Kate Middleton Actively Channeled Princess Diana at the 'No Time to Die' Premiere

There are a lot of very valid ways to describe Kate Middleton’s look at the No Time to Die premiere in London last month. Bond Girl chic. Maximum goddess vibes. Dammnnnnn. *That thing where cartoon characters’ eyes become hearts and explode out of their heads.*

And, yeah, Princess Diana-esque.

If you took one look at Kate’s look for the latest Bond movie premiere and had immediate flashbacks to the People’s Princess, that’s not just understandable, it’s by design.

A royal source explained to Us Weekly that her late mother-in-law was high on Kate’s inspo list when it came to her No Time to Die ensemble.

“Kate had her own Bond girl moment at the No Time to Die premiere,” the source, described as “close to the duchess” told Us Weekly. “She oozed confidence and old school Hollywood glamor.”

It’s hard to avoid oozing old school Hollywood glamour when you look like, well, this:

And it’s hard not to ooze confidence when you’re dressed to pay homage to your icon, which Kate most definitely was. According to the Us source, Kate had Diana’s look at her own Bond premiere moment (1985’s View to a Kill) in mind when she dressed for the star-studded event.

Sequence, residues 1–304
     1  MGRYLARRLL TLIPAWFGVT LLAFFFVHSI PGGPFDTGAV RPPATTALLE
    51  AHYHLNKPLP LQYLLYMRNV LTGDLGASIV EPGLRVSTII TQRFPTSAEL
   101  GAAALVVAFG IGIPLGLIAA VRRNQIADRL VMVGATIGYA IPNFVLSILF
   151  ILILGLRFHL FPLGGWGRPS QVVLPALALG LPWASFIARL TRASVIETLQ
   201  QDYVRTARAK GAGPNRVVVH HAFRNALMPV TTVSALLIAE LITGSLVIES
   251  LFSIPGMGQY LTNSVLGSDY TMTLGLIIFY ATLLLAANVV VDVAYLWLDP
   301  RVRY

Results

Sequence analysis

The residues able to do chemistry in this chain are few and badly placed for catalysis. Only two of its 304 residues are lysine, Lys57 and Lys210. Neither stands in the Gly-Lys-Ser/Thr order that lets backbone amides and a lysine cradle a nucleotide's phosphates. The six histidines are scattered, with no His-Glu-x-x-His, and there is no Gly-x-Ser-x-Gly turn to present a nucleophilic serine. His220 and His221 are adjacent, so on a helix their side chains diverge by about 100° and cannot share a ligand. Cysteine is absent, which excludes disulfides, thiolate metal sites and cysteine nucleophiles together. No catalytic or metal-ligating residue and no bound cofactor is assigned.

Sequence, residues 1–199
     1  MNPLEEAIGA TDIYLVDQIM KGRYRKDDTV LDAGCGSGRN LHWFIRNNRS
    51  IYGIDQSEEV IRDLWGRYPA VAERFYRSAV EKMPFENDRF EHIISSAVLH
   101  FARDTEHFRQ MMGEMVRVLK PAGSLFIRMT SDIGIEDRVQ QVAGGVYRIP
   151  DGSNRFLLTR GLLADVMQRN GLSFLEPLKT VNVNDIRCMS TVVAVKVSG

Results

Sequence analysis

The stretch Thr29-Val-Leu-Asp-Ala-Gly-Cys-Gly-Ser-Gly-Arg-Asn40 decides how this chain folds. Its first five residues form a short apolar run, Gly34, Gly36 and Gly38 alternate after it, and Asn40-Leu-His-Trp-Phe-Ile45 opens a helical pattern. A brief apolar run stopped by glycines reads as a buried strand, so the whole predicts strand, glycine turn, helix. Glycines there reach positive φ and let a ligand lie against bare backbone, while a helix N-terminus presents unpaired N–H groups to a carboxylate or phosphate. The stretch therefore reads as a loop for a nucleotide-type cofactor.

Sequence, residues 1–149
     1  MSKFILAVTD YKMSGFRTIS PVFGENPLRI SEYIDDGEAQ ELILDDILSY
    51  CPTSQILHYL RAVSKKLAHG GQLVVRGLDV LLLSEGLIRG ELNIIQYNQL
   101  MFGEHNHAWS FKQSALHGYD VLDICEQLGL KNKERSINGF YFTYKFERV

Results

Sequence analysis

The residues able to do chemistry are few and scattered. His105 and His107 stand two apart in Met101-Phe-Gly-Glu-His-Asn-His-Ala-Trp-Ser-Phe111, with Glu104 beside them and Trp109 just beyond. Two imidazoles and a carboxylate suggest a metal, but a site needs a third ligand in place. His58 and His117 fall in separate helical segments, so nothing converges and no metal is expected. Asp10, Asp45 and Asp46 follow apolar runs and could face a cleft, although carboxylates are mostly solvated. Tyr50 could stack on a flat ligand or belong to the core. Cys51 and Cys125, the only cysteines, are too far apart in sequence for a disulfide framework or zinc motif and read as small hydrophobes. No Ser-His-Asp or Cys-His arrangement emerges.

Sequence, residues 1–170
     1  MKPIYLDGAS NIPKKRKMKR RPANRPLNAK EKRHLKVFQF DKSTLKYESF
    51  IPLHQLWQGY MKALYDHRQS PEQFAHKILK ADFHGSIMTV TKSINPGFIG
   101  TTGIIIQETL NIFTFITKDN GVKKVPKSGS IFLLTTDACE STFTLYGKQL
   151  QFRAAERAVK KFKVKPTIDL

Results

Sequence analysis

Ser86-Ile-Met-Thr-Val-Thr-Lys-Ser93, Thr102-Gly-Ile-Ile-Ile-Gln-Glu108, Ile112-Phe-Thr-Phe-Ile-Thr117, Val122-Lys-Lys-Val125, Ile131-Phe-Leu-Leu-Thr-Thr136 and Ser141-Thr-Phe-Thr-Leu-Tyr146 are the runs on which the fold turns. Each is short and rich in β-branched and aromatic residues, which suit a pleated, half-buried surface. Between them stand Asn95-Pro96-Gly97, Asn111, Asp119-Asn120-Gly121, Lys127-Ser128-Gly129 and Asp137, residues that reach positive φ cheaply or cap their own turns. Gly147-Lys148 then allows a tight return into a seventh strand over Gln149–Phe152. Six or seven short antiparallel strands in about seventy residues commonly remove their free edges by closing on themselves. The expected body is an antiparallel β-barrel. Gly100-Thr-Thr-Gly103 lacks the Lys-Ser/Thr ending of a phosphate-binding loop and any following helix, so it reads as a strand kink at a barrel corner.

“Kate admired Diana’s taste in fashion before William came into her life,” the source added. “During her school days she’d tell friends that Diana was her style icon. It would be wrong to say that Kate is trying top Diana as the royal family’s best dressed. A more accurate description is that she is taking inspiration from the late Princess and wanted to pay homage to on the night of the No Time to Die premiere by channeling the dress Diana wore at the View To A Kill premiere.”

Instead of going for an outright copycat look, Kate made the look her own while still clearly paying homage to Diana’s dress from the View To A Kill premiere. Both dresses feature stunning metallic fabric, deep, plunging v-necklines, structured shoulders, and sunburst ruching pattern in the bodice, just to name a few.

Can we go ahead and submit these photos to Merriam-Webster in case they’re looking for an illustration to accompany any definition for “timeless style” in the future?

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